BRIX & MORTAR: The Barrier Block

Written by Ruth Waters, arts co-editor as part of Brix & Mortar, a celebration of Brixton’s landmarks

The Barrier Block, Coldharbour Lane. Photograph by Alistair Hall

Southwyck House is one of Brixton’s most striking and foreboding structures, finding an apt nickname in the Barrier Block. It remains a divisive reminder of what could have happened to our town centre if the plans developed in the mid-sixties had come to fruition.  Finished in 1981, the complex nine-story block of 184 flats was purposely designed to shield the adjacent low rise Moorlands Estate from excessive traffic noise from the planned motorway key to the 1963 Redevelopment Proposal.

The building has amassed an impressive collection of myths including that it was a young female architect who designed it, but that the block was built facing the wrong way, and the architect killed herself by jumping from the roof. In fact the chief architect was Ted Hollamby, described at the time as a “landmark appointment” for the borough.

Hollamby was keen to see a Brixton of motorways and multi-level living, and the barrier block was just the beginning of this vision. Another local reminder of his stark aesthetic preferences is HMS Hollamby on Akerman Road, a superstructure of flues and access tunnels to a major district heating system.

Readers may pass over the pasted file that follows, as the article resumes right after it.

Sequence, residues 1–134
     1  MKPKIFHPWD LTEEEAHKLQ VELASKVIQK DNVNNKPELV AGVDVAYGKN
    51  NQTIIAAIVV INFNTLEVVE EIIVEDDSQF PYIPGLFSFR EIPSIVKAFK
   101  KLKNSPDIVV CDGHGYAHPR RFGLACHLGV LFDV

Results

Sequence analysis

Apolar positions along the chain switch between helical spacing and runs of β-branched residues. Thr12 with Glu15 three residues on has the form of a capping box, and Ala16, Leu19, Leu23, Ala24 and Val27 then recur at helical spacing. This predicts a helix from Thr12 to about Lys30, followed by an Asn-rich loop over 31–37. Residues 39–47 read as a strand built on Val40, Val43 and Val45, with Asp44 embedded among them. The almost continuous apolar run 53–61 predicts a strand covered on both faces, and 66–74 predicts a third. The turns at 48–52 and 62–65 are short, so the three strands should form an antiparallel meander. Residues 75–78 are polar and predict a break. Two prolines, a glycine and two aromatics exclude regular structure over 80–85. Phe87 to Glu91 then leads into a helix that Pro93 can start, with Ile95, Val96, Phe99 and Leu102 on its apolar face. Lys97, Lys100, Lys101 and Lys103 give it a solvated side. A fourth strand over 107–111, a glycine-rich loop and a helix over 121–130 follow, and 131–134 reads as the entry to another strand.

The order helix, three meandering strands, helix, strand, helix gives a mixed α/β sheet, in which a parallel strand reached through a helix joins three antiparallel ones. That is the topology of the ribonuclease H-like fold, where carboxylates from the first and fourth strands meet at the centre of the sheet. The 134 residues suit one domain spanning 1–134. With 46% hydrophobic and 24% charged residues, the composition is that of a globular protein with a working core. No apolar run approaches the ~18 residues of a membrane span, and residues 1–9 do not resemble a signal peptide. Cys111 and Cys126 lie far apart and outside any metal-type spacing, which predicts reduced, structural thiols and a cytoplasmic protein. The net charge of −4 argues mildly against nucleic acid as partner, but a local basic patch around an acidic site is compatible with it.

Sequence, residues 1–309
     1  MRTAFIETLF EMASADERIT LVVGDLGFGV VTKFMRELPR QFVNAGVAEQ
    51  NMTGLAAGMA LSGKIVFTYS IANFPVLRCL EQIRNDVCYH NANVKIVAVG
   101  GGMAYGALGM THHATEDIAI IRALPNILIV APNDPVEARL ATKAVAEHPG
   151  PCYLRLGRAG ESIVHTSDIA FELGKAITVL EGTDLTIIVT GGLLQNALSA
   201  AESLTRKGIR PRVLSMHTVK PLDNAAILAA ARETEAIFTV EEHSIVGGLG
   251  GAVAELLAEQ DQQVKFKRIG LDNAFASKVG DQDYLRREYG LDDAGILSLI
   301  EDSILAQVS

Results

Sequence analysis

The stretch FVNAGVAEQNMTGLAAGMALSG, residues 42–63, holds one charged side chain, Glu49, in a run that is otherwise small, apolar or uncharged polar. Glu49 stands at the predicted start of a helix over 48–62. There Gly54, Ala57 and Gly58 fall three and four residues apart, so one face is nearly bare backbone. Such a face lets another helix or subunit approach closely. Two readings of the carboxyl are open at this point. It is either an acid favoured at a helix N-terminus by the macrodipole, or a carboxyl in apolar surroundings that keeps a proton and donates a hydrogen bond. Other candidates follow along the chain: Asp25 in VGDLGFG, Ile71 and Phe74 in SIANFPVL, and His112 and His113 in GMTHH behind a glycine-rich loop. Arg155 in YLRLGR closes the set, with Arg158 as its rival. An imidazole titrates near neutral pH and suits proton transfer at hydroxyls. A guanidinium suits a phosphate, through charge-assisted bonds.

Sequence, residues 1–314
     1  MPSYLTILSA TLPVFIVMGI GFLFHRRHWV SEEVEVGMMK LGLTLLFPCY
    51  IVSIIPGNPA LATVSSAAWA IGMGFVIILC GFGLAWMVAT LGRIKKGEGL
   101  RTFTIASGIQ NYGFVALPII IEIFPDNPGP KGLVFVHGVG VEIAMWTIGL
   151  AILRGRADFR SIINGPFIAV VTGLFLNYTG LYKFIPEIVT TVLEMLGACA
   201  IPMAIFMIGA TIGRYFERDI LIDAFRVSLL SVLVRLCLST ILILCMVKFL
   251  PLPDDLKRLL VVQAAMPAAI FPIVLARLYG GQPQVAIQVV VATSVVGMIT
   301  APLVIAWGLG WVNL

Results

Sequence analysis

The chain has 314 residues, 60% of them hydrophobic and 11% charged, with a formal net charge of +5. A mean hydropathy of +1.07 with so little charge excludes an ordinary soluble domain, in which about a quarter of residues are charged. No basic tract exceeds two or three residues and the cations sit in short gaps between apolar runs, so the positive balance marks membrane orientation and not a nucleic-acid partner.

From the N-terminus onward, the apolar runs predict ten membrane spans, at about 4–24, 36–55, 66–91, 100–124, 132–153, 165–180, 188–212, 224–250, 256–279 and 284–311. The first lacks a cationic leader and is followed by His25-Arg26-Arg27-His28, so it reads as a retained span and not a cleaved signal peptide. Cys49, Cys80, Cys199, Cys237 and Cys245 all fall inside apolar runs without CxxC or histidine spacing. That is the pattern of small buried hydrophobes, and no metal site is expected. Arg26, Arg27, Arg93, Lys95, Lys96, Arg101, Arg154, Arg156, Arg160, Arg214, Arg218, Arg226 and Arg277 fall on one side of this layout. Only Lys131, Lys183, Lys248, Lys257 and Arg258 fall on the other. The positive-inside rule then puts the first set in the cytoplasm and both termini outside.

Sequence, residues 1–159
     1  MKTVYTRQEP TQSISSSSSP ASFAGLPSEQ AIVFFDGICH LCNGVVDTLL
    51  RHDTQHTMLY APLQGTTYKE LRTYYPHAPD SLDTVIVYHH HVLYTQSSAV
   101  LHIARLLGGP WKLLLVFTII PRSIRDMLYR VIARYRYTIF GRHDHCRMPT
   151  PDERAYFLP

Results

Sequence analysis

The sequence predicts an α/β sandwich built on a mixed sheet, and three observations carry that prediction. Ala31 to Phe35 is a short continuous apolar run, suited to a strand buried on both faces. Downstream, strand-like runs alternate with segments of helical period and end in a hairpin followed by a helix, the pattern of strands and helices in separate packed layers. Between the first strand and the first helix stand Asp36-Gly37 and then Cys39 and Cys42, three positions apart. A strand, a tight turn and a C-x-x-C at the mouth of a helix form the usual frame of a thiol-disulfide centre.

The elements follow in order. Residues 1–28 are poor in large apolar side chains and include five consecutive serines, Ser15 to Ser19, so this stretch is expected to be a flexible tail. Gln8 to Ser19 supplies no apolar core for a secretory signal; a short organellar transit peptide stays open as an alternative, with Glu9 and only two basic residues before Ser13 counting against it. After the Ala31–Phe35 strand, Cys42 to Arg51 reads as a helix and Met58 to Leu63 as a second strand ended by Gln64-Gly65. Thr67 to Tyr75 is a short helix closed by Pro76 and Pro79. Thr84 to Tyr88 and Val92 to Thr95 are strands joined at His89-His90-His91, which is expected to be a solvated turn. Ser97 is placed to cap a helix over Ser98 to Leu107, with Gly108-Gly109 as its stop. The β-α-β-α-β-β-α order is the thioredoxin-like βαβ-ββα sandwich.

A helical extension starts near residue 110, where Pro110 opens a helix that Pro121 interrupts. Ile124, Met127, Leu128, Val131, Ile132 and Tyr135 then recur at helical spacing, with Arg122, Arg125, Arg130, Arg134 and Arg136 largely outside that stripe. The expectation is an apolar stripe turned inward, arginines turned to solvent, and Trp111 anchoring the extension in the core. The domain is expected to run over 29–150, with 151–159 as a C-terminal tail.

The Barrier Block was blighted with drugs and racially motivated crimes for much of the eighties and a  1988 Lambeth Safe Neighbourhoods unit survey found that nearly half of residents avoided going out after dark because of fear of crime, and almost a fifth of black respondents reported having been racially abused.

Speaking to Mike Slocombe, author of Urban75 blog and a resident of the Barrier Block for 18 years, I discovered that the block has housed Turner Prize-winning artist, Damien Hurst and the Orb’s Alex Patterson and was once famously described as a “sullen wasteland, robbing people of self-respect” by John Major who it transpired had approved the block during his time in Lambeth

“Its harsh, neobrutalist-inspired architecture may look daunting to outsiders, but inside there’s well-built flats, large south facing windows and a strong community,” Mike tells me. Interestingly, he’s applied to have the building listed, so watch this space…

 

5 COMMENTS

  1. Before I moved to the area I used to think that this was Brixton Prison and that the building design was based on those WWII Nazi gun bunkers on the French coast.

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